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Better Living Through Chemistry July 11, 2010

Posted by Ann Bertorelli in Self-Development.
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Isn’t it great when you have  chemistry with someone? You love to be around them, your conversations are interesting and enjoyable and while you may not always agree on everything, there is an almost built-in respect and trust. And it’s just all kinds of fun to be with them.  Wouldn’t it be nice if you could enjoy that kind of rapport with everyone  particularly the important relationships in your life where it’s missing?

Can great chemistry be created?

I was chatting with someone this morning about the notion of creating chemistry and his immediate response was that it’s not possible to manufacture chemistry—it’s either there or it’s not. And as much as I wanted to disagree with him, I reluctantly agreed. Yes, there is something indefinable about that magic that sometimes happens between two people. It’s well—magic. (One of my great talents, in case you have missed it, is my ability to state the obvious.)

Is creating chemistry a bit like making yourself fall in love?

That conversation did start me thinking about how to improve those relationships that are more difficult and less satisfying  than the ones that click. And maybe trying to create chemistry is a bit like convincing yourself that you should fall in love with someone when you’re not. I’ve never had much success with that particular endeavor. But maybe, just maybe  if you took a look at how you act with another person when the two of you are clicking you might uncover some possibilities.

Here’s my list of some things I’ve noticed:

  • I look directly at the person when I’m talking to them and make significant eye contact—not just little glances here and there—I really see that person.
  • I notice the nuances of their language choice and even remark upon it when I find it compelling or thought-provoking.
  • My body language unconsciously mimics that of the other person and theirs of me. I know that this is something that scientists tell us and I noticed it once again a few days ago. I recently was having a conversation with one of my coaching clients with whom I click. We began the conversation with each of us forward in our chairs, then when one of us moved back or moved forward the other person did the same. It was a bit like a dance.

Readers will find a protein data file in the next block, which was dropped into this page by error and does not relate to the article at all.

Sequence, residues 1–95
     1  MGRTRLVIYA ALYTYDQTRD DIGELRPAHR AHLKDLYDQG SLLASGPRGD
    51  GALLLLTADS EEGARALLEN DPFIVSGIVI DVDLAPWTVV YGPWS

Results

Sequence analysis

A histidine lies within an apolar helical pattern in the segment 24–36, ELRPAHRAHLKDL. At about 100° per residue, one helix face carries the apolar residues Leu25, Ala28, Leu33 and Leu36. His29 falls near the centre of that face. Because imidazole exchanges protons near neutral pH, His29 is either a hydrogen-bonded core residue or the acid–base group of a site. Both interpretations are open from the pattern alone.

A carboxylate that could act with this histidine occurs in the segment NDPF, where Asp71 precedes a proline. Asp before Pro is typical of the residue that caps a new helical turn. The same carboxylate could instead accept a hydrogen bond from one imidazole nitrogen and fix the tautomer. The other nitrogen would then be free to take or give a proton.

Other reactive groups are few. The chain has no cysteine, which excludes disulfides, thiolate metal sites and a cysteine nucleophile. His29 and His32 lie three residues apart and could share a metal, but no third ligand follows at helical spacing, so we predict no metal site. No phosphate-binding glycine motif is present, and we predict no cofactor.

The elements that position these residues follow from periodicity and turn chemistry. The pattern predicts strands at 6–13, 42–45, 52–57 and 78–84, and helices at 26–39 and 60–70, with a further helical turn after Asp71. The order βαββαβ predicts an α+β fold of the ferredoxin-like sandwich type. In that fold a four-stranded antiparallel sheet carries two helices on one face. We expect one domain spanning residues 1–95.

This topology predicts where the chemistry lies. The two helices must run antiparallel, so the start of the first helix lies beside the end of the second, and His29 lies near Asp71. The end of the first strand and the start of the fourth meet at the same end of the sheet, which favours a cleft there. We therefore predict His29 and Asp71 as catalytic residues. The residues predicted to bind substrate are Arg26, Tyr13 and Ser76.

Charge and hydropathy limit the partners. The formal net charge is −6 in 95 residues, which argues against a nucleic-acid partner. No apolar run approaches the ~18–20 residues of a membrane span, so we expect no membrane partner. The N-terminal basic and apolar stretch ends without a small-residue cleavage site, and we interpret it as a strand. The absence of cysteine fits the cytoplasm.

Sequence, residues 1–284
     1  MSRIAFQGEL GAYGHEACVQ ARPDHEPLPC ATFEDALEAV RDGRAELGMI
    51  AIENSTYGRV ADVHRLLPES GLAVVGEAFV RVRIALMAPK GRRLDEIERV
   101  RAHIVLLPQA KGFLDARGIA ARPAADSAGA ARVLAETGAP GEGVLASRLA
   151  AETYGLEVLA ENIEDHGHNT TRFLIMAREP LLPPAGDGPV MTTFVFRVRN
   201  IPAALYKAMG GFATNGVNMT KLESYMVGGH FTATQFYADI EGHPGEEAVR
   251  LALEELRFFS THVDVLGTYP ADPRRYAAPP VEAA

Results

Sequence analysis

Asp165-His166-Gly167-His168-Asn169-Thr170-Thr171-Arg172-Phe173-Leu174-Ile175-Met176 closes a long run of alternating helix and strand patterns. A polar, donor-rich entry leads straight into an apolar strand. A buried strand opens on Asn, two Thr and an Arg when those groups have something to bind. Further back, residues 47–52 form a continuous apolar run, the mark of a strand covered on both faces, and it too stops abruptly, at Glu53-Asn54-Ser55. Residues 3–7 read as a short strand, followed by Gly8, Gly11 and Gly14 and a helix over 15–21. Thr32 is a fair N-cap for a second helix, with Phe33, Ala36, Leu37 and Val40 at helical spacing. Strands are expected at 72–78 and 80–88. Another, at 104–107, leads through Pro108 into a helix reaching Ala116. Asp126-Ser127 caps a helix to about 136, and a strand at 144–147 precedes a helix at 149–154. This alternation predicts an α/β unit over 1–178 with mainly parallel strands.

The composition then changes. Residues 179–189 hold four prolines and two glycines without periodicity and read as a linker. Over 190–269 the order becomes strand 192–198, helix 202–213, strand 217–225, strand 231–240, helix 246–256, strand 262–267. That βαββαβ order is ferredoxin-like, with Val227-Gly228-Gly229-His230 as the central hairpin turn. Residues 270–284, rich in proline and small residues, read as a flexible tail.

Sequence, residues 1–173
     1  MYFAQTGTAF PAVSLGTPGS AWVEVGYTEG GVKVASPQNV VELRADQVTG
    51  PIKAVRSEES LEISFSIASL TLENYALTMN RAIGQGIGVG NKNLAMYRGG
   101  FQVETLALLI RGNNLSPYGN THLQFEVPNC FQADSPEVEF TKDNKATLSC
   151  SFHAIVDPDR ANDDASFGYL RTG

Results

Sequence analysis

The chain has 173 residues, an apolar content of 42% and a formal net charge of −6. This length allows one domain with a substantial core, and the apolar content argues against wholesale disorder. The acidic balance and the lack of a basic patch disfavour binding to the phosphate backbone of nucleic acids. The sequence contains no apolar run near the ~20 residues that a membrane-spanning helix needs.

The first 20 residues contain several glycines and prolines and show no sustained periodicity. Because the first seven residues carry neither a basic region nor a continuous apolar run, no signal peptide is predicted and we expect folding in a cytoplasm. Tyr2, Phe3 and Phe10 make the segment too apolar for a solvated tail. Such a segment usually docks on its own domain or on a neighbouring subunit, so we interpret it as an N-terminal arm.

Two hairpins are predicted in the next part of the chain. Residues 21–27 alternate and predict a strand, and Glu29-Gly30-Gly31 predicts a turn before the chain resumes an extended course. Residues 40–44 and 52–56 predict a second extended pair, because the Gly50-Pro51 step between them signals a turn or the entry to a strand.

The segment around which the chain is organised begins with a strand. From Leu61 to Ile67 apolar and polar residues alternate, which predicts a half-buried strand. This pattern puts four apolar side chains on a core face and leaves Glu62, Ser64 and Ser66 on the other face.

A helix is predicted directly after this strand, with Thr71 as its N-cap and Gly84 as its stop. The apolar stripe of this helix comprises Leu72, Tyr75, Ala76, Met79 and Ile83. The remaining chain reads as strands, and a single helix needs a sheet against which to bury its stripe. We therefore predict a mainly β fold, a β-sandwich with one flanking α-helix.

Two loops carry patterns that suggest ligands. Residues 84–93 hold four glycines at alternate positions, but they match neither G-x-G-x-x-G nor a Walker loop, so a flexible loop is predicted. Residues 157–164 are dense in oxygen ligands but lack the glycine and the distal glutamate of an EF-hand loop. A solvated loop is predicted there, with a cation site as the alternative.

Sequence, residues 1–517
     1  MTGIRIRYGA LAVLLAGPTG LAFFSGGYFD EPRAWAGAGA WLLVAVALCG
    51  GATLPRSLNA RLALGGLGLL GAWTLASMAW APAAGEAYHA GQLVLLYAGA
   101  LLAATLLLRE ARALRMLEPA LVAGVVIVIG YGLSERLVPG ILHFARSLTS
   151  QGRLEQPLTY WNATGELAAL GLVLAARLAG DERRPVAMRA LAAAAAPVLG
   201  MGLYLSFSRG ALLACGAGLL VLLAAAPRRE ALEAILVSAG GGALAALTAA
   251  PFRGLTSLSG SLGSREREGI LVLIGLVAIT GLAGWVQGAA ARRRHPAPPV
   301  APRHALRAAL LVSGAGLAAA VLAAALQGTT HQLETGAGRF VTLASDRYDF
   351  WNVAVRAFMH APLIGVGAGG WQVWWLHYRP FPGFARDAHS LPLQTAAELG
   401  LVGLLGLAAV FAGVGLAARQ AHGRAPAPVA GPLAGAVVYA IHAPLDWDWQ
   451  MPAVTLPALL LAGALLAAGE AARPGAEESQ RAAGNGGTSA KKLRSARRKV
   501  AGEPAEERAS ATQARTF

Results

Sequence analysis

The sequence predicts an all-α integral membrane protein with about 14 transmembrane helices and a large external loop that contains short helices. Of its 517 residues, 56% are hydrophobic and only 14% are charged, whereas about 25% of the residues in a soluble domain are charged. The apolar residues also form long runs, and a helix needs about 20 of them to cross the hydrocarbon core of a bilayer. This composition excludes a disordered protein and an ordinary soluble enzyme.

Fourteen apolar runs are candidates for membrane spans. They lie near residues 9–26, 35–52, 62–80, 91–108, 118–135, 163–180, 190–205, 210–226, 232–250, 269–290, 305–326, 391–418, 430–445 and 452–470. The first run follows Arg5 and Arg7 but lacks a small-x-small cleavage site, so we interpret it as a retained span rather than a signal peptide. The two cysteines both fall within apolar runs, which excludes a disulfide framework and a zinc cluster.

• I often tell the person what I find interesting, great, unique, enjoyable about him or her. It’s easy to give appreciation to the person.
  • There is a give and take in the conversation with no one person dominating. It ebbs and flows with each person speaking for a time and then turning over to the other.
  • There’s a lot of laughter and lightness in the conversation even when the topic may be serious.

I could go on but I don’t want to do all of your work for you. Take some time to make your own list of behaviors that you notice when you’re clicking with another person.

Next Step

Once you have determined what your own particular set of behaviors are in that circumstance, think about applying these behaviors with other people. I’m talking about the relationships that could benefit from an infusion of better chemistry.  Am I suggesting that you’ll be able to manufacture what does not exist? Well, not exactly. But I hearken to the often-repeated advice: Fake it till you make it. You may not suddenly start clicking with the person but my guess is that your change of intention and/or action will make some (positive) change in the relationship. Who wouldn’t respond to someone telling they are amazingly clever and entertaining? Or to being listened to as though every word that escapes their lips is a gem of great magnitude. You may have to do this consciously at first but my guess is that as time goes on you will find a change in your own attitude and theirs. Just remember not to be a big goofy fake or that will do more harm than good. But don’t you think it just might improve things all around?

I offer that it would…

—Amara

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